North Texas Daily

Greek Life prohibition

Greek Life prohibition

February 06
23:42 2013

Ben Peyton

Senior Staff Writer

Alcohol has been banned from all Greek life events while the Dean of Students Maureen McGuiness, investigates student conduct violations before acting accordingly.

The ban follows the recent incident at the UNT Delta Sigma Phi fraternity house where a student fell over a stairway railing on Jan. 26 at 4:30 a.m.

The UNT Police Department conducted an 11-day investigation and found that minors were allegedly furnished alcohol on Jan. 25 and 26., and obtained warrants to arrest seven individuals.

McGuiness is accepting applications to be a member of the Task Force, which will be made up of Greek Life students, faculty and campus advisors for Greek organizations. The organization will promote responsible use of alcohol.

“At UNT, when we are made aware of issues involving our student body, we take action,” said Elizabeth With, vice president of Student Affairs in a press release. “With the creation of this task force, we will be taking more aggressive steps to educate our students about the risks of underage drinking. And we are starting with our Greek community.”

The ban will be enforced in all Greek Life events on and off campus.

Morgan Ray, Zeta Tau Alpha and applied behavior analysis senior, believes that the ban is not just because of the incident at the Delta Sigma Phi house, but also because of a number of incidents in the Greek Life community in the past couple of years.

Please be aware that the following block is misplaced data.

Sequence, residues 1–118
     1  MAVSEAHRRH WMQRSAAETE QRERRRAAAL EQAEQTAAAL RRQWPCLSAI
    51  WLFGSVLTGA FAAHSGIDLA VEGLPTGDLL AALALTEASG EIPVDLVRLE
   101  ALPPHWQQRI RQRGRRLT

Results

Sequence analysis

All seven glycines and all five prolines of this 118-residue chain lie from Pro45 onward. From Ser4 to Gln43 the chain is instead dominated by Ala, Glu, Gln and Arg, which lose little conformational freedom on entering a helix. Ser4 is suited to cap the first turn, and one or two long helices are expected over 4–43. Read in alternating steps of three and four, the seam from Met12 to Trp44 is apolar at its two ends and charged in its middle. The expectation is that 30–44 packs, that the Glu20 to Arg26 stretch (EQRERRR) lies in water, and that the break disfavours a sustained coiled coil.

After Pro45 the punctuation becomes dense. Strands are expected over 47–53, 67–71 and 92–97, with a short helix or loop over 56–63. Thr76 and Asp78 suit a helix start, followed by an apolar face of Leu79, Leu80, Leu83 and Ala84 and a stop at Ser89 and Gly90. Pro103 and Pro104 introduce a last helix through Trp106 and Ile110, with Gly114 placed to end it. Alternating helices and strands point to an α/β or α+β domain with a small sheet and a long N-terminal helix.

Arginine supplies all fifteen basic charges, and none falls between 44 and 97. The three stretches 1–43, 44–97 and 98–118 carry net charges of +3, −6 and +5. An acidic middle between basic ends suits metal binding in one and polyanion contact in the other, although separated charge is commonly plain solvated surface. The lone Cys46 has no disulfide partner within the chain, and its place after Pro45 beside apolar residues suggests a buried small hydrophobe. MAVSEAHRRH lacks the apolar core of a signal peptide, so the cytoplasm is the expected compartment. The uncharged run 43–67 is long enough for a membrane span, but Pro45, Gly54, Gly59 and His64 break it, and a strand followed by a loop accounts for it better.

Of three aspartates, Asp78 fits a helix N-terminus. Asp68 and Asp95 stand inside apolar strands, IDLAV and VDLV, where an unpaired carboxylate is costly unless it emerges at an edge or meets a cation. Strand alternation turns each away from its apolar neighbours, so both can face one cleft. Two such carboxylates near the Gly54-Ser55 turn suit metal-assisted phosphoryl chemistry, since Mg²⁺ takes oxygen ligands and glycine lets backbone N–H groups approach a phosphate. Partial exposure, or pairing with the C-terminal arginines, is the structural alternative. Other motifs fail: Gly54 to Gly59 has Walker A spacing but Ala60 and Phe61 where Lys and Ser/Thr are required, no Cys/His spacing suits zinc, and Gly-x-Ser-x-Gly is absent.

“This incident could have happened to any one of us in the Greek community,” Ray said.  “It was just the straw that broke the camel’s back.”

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3 Comments

  1. A more proactive approach
    A more proactive approach February 07, 00:50

    While I recognize that the blanket ban the University has chosen to implement is reactionary to recent incidents which include more than just the more recent incident which occurred at Delta Sigma Phi, I believe they have opted for a strategy that is both easy and incorrect. The consumption of alcohol by minors and the abuse of it by those who are of age is not something unique to Greek organizations. Indeed alcohol abuse incidents can be found all across campus organizations. While outwardly this prohibition appears to be a public relations success, it should be considered an administrative error. The failure of national prohibition (Volstead act of 1919) should serve as an example to all administrators that the problem cannot be solved by means of restriction. If anything restriction leads to a greater risk of hazard due to a lack of education and the inevitable increase in alcohol violations.
    To this end I would like to issue a challenge to administrators to take two separate but equally important educational efforts. First I would like the University to recognize the inevitability of alcohol abuse regardless of prohibition efforts. To that regard I would like to see them develop a system of education designed to recognize the early signs and symptoms of alcohol poisoning, how to manage the risks, and that it is ALWAYS appropriate to call 911 (to this end I think it is important to recognize that the UNT Greek Life willing called emergency services and prevented a national scene).